BLOOMINGTON — A state mandate that would increase starting teacher salaries to $40,000 a year waits Gov. Bruce Rauner's approval, but area school superintendents say it will take more than a raise to attract good teachers to Illinois — and keep them here.
If approved, the mandate would require minimum, full-time teacher salaries to increase incrementally over the next five years, hitting the $40,000 mark for the 2022-23 school year.
Proponents of the bill (SB 2892) say the measure is a way to combat a growing teacher shortage in the state.
But Guy Gradert, superintendent of Ridgeview schools in Colfax, said the requirement is “too high for most downstate districts.”
Ridgeview schools will start new teachers with a bachelor's degree at $36,863 for the upcoming school year.
“I don’t know if boosting the minimum salary fixes the problem (of teacher shortages),” said Gradert. “Pay is important, but part of it is that society’s view of the school house has changed. We expect so much more out of our teachers now.”
At Bloomington’s District 87, the base teacher salary for 2018-19 is already set at $39,203, said Superintendent Barry Reilly.
“We’ll have three years from that point to get to $40,000. That’s realistic, but I don’t think it’s appropriate for the state to mandate these salaries. I think they have good intentions, but there’s limitations in terms of revenues that come in to cover additional costs,” he said.
At McLean County Unit 5 schools, the starting salary for a teacher in 2018-19 will be $37,000.
Lindsey Dickinson, president of the Unit Five Education Association, said the new state funding formula for schools “is a step in the right direction.”
“Teachers and educators are consistently asked to do more with less. A starting salary of $40,000 will help recognize the outstanding work our members do for students,” said Dickinson in an email.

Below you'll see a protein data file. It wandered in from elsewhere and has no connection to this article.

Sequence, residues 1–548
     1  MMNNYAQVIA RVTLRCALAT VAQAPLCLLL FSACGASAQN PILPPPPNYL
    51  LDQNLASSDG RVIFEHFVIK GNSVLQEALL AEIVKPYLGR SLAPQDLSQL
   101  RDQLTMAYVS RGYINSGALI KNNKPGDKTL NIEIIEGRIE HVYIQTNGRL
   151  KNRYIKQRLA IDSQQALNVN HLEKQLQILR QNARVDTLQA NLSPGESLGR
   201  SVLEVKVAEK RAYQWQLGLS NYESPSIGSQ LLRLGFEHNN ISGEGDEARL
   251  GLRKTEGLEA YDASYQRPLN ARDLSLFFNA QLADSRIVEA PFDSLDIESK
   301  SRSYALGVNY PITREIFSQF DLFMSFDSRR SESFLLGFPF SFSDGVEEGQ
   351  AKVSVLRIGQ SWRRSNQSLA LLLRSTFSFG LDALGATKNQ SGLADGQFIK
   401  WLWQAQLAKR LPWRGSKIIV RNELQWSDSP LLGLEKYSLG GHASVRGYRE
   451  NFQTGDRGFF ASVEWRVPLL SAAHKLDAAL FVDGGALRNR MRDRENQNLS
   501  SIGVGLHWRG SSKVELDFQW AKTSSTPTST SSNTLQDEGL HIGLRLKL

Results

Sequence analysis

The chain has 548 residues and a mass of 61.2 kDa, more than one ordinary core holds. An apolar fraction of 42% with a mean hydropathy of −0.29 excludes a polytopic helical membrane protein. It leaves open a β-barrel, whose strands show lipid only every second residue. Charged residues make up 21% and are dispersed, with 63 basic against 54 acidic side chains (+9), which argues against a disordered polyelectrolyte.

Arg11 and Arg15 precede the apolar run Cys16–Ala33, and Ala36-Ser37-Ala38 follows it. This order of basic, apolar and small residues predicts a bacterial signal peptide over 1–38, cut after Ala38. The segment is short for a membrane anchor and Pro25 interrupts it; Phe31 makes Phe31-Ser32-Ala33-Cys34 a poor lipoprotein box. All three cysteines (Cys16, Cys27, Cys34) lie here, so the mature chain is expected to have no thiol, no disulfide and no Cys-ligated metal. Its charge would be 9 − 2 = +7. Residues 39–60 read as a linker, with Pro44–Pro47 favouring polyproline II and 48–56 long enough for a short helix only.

She said phasing in a new minimum salary would “attract quality professionals to education.”
Gradert said teachers enter the field because of a passion for education, but are burdened with the task of offering social and emotional support to students while facing disrespect from society.
The unfunded mandate would require districts to pull money from other revenue sources, said Gradert.
“It means the (district) budget would require tweaking. It depends on if legislators put enough money in the funding formula to offset costs for taxpayers,” he said.
Reilly said he was concerned about wording in the bill that would require future raises measured by the Consumer Price Index, compounded with local union bargaining.
He agreed that many local districts are seeing impacts of the state teacher shortage.
“As the pool shrinks, it will become a national crisis. It’s not so much about the salaries, it’s about the profession itself and how it’s treated across the country,” said Reilly.
Olympia Superintendent Andrew Wise, said the Stanford-based district has an incentive-based salary schedule with minimum teacher pay at $34,685 for the upcoming semester.
“Every time there’s a mandate from the state, schools have to come up with the money. You either have to cut or find it elsewhere. 'Elsewhere' for most of us is through taxes and fees. For school districts who are already bare-boned, it’s difficult because cuts really hurt,” he said.
Wise said setting teacher salaries should remain local.
“Teachers are underpaid, but Springfield needs to stop trying to mandate and control everything with a one-size-fits-all plan. Let local boards of education make decisions on those things,” said Wise.
Curt Nettles, superintendent of Clinton schools, said the proposal "prioritizes taking care of high quality teachers."
Beginning Clinton teachers will start at $36,150 this fall.
"I don't think beginning teachers make enough with the workload they're taking on, but mandating that from the state level on local entities is a bit of a reach," said Nettles.